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William Smith’s Catonian Loyalism, Race, and the Politics of Language

William Smith’s Catonian Loyalism, Race, and the Politics of Language christopher a. hunter   California Institute of Technology William Smith’s Catonian Loyalism, Race, and the Politics of Language In early 1776, all Philadelphia knew where Rev. William Smith’s loyalties lay. That February, at the behest of the Continental Congress, the Anglican clergyman and provost of the College of Philadelphia presided over an elaborate memorial service for Richard Montgomery, the American general killed in the failed invasion of Quebec. The city’s notables packed the new German Reformed Church to hear Smith venerate the man he called the “Proto-­Martyr to your rights” (Oration 23).1 After comparing Montgomery’s and Cincinnatus’s devotion to “virtue, liberty, truth, and justice,” Smith no doubt surprised many in the audience by prais) ing Montgomery’s “loyalty to his sovereign” (24, 31–­ . Quoting the Olive Branch Petition, a six-­ onth-­ ld last-­ itch effort to avert the Revolution, Smith boldly declared, “the delegated voice of the continent . . . supports me in praying for a restoration ‘of the former harmony between Great Britain and these Colonies’” (33). But the king had refused even to read Congress’s olive branch, and the delegated voice of the continent no longer saw reconciliation as a viable possibility. Privately, John Adams http://www.deepdyve.com/assets/images/DeepDyve-Logo-lg.png Early American Literature University of North Carolina Press

William Smith’s Catonian Loyalism, Race, and the Politics of Language

Early American Literature , Volume 52 (3) – Oct 31, 2017

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Publisher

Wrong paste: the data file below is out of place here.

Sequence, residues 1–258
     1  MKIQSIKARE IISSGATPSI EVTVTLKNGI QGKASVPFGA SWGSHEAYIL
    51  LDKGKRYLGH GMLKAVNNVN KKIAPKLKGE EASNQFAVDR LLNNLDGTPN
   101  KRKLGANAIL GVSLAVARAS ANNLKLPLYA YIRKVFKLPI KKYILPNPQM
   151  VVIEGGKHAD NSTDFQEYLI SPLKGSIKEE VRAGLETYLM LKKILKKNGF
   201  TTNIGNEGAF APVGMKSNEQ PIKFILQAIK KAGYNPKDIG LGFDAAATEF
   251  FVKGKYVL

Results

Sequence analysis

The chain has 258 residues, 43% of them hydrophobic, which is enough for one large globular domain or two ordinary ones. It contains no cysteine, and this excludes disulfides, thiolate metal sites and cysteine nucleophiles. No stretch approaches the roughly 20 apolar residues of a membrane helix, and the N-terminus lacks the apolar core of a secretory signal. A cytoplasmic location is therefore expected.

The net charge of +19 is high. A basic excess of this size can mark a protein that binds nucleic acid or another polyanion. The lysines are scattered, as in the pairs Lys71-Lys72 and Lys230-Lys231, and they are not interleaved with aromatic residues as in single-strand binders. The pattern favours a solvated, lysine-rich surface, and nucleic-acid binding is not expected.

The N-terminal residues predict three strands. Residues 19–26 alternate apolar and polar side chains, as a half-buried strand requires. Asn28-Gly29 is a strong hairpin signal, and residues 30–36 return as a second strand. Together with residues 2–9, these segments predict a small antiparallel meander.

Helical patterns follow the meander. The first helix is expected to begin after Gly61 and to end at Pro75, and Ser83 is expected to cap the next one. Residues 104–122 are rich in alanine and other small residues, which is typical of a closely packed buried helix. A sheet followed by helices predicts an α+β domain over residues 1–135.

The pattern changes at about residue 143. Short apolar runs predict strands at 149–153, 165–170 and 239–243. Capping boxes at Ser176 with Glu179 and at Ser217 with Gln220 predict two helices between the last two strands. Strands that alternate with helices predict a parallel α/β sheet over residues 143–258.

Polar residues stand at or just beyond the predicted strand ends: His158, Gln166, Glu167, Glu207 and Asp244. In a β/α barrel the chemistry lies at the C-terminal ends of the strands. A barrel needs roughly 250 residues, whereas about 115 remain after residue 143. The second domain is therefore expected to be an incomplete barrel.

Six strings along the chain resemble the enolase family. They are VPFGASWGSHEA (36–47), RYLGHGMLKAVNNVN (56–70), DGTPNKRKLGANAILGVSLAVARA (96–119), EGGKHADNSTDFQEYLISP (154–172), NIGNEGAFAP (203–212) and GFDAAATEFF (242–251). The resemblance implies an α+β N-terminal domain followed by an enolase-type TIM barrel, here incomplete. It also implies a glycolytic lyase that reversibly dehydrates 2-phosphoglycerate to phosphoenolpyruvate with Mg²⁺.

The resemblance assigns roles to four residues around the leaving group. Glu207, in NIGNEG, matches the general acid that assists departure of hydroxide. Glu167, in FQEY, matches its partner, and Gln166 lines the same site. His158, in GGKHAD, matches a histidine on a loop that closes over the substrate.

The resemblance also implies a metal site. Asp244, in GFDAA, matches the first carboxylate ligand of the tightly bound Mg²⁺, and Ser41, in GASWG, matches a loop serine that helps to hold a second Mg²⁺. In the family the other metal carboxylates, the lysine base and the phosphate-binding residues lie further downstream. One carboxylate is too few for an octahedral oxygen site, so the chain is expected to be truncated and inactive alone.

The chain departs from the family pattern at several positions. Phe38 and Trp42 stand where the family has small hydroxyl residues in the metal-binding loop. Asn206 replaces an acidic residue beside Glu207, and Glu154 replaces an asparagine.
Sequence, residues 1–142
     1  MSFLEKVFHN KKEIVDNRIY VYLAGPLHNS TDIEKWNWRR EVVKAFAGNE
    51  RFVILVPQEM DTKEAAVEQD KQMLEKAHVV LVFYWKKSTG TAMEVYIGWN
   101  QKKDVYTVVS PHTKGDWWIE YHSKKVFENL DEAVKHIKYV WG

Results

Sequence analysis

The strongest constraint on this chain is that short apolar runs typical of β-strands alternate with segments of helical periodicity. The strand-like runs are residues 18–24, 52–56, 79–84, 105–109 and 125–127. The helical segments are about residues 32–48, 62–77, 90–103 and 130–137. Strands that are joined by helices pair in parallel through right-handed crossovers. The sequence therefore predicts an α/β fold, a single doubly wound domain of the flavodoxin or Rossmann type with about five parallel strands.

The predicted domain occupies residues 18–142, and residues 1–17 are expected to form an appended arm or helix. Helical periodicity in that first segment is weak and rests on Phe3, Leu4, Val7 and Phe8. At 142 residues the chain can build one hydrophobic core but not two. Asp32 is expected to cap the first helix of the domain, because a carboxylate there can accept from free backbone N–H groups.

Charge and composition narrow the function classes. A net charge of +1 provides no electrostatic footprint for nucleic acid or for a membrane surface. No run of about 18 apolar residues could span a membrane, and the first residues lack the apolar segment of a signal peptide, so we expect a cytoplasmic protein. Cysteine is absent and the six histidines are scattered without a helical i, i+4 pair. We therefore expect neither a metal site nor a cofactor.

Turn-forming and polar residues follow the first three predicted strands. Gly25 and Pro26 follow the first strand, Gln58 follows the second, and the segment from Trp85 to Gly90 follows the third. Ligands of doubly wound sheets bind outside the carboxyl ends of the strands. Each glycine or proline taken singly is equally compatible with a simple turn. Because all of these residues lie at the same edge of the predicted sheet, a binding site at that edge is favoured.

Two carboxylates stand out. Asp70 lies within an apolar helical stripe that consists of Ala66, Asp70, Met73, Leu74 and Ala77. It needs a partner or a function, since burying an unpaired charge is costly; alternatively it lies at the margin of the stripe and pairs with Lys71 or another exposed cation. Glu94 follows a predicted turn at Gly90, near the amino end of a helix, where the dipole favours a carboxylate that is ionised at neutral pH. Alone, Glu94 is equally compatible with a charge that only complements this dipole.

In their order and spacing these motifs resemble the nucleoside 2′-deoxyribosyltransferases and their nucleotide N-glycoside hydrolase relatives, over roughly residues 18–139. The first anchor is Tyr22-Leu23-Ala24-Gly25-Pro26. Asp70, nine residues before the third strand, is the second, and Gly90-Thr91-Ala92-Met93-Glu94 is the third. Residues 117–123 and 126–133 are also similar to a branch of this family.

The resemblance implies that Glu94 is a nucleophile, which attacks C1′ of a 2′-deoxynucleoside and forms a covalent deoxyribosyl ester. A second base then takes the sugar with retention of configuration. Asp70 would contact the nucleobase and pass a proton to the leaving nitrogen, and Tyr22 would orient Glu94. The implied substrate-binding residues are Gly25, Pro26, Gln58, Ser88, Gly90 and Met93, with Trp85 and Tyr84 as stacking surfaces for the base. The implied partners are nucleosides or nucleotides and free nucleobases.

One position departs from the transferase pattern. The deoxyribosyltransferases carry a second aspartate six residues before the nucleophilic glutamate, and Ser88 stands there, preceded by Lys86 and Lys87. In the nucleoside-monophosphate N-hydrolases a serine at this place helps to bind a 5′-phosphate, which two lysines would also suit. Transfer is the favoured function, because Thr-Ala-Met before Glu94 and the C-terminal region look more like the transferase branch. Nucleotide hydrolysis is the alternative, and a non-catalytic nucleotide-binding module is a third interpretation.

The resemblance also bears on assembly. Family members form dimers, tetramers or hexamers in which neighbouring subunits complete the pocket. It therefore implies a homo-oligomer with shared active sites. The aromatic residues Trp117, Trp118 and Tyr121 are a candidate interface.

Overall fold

University of North Carolina Press
Copyright
Copyright © 2008 The University of North Carolina Press.
ISSN
1534-147X
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Abstract

christopher a. hunter   California Institute of Technology William Smith’s Catonian Loyalism, Race, and the Politics of Language In early 1776, all Philadelphia knew where Rev. William Smith’s loyalties lay. That February, at the behest of the Continental Congress, the Anglican clergyman and provost of the College of Philadelphia presided over an elaborate memorial service for Richard Montgomery, the American general killed in the failed invasion of Quebec. The city’s notables packed the new German Reformed Church to hear Smith venerate the man he called the “Proto-­Martyr to your rights” (Oration 23).1 After comparing Montgomery’s and Cincinnatus’s devotion to “virtue, liberty, truth, and justice,” Smith no doubt surprised many in the audience by prais) ing Montgomery’s “loyalty to his sovereign” (24, 31–­ . Quoting the Olive Branch Petition, a six-­ onth-­ ld last-­ itch effort to avert the Revolution, Smith boldly declared, “the delegated voice of the continent . . . supports me in praying for a restoration ‘of the former harmony between Great Britain and these Colonies’” (33). But the king had refused even to read Congress’s olive branch, and the delegated voice of the continent no longer saw reconciliation as a viable possibility. Privately, John Adams

Journal

Early American LiteratureUniversity of North Carolina Press

Published: Oct 31, 2017

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